When truth is expressed through the right of free speech, someone may be offended. In the case of the actor, it was not the exercising of his right that offended, but the truth he spoke if I understood correctly. I believe he was making a statement about the lifestyle that was not endearing to those who promote that lifestyle.

    Our opinion of someone, if not based on truth, is subjective and should make us pause before opening our mouth, but the expressing of Truth should never be silenced, no matter who gets offended. Does any of this make sense?

  5. Yes,it makes sense.

    This goes beyond the actor, of course. As you say, it comes down to truth. But how can the truth be told, if prophets, priests, teachers, doctors, etc. are not allowed to speak?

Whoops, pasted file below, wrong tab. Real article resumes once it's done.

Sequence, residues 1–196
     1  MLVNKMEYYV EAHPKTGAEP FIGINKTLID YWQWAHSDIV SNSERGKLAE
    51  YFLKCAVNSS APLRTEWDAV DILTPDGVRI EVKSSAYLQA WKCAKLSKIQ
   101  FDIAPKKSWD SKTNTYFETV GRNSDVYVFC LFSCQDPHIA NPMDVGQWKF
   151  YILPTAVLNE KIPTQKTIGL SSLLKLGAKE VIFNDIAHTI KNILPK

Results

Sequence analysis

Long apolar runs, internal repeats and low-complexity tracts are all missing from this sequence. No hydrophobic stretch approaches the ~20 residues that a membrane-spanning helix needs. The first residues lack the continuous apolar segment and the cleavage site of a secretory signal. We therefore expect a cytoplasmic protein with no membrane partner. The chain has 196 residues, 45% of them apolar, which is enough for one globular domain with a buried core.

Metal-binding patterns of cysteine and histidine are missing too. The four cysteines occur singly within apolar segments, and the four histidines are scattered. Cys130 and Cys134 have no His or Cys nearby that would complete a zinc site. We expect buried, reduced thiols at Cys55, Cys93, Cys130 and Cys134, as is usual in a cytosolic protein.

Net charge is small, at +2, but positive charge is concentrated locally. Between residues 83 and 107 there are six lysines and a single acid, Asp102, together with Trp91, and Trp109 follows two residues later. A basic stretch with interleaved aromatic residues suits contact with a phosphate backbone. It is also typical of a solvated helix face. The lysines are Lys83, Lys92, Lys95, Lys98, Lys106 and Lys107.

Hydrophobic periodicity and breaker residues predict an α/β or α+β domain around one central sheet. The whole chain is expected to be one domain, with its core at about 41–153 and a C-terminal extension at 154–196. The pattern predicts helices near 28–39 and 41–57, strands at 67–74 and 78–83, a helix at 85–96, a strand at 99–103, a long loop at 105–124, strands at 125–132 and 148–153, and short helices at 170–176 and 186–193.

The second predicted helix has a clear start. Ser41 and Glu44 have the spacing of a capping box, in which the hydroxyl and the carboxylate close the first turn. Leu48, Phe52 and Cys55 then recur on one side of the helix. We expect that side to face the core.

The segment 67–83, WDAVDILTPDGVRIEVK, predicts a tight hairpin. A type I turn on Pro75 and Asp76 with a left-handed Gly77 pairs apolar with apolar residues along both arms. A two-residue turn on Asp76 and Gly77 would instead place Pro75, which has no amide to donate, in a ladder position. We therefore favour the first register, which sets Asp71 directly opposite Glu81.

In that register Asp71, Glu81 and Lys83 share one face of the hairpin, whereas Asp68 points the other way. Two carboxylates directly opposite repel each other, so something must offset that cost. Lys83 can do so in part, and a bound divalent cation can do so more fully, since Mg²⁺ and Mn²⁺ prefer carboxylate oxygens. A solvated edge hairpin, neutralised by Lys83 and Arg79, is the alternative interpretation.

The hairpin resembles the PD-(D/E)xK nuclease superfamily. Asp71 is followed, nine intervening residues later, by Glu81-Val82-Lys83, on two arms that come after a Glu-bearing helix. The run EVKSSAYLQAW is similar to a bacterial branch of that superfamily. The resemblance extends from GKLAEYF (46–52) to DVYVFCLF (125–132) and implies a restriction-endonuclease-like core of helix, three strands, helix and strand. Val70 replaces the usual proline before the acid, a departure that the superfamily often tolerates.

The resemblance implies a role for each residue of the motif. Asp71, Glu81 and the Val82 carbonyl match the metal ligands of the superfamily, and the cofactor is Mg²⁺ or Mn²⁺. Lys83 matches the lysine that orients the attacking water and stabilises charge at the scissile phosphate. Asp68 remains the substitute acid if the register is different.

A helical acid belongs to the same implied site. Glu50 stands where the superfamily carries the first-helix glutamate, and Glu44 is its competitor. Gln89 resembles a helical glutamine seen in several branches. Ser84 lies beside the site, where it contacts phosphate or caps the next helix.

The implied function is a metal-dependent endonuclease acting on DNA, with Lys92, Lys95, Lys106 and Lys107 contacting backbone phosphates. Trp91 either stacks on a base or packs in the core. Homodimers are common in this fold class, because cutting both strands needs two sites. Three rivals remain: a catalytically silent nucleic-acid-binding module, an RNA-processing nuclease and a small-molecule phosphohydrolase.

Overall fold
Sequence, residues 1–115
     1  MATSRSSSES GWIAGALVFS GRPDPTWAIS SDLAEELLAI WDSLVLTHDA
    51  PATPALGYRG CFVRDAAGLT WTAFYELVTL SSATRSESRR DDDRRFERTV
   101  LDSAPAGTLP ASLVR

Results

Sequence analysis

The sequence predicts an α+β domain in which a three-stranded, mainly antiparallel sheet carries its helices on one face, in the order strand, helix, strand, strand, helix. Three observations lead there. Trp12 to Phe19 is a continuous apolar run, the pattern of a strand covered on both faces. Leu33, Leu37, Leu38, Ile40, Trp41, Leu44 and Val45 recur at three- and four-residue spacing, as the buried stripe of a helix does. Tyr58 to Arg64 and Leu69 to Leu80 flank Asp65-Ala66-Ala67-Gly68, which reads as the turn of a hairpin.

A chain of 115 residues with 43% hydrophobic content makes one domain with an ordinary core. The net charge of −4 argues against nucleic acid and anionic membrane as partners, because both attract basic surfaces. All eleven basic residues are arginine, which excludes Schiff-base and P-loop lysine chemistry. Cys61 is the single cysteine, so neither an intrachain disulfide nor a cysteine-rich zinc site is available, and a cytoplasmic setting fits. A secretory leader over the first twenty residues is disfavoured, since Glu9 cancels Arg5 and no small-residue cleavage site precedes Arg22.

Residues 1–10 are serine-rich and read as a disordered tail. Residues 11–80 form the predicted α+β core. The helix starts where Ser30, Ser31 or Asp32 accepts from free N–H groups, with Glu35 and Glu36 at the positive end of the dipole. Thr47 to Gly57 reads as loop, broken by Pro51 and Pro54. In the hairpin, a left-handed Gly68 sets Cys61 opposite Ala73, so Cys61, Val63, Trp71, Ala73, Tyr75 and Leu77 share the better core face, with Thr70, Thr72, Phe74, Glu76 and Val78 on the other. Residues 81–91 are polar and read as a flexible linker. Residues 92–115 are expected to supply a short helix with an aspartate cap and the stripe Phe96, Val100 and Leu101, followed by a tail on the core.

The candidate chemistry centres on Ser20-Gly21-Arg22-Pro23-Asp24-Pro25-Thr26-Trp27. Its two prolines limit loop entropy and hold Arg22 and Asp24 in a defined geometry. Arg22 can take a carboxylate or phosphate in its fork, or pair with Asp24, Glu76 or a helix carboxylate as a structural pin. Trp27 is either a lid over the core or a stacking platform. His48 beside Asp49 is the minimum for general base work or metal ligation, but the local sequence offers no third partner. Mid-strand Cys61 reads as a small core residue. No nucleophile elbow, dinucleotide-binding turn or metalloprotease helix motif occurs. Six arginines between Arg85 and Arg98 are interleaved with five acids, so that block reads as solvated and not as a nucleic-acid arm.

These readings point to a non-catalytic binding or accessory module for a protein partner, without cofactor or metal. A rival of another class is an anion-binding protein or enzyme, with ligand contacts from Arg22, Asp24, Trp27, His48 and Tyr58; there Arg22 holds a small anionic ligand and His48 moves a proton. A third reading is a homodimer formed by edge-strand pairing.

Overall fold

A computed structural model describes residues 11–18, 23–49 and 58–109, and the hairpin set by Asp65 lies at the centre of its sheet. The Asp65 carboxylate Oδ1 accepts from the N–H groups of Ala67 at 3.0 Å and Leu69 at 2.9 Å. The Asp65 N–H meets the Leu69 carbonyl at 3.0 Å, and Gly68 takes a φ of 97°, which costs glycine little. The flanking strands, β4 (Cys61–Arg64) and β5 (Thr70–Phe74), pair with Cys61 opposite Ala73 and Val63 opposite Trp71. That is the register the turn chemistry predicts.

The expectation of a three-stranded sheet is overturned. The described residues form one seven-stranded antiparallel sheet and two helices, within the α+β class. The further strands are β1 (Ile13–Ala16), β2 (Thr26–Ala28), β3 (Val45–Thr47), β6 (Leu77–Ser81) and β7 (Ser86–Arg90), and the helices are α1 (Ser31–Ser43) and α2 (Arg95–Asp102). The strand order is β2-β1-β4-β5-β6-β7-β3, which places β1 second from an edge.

6. The Truth is always allowed to be told no matter the consequences. Throughout all history, God has revealed His Truth even though the messengers were reviled. Though laws may prohibit free speech, there will always be those that God chooses to speak the Truth no matter the outcome. This calls for the virtue of heroic courage, and it comes from Him. The Truth can never nor will it ever be silenced, no matter who is Caesar du jour.

  7. Caesar du jour - very good!

    Officially, our laws ought still to be protecting our liberties, such as speech. It are the courts and political action groups, extra-judicial tribunals (here in Canada our scourge is the Human Rights Commissions) and public opinion (ie. main stream media) that are limiting those freedoms.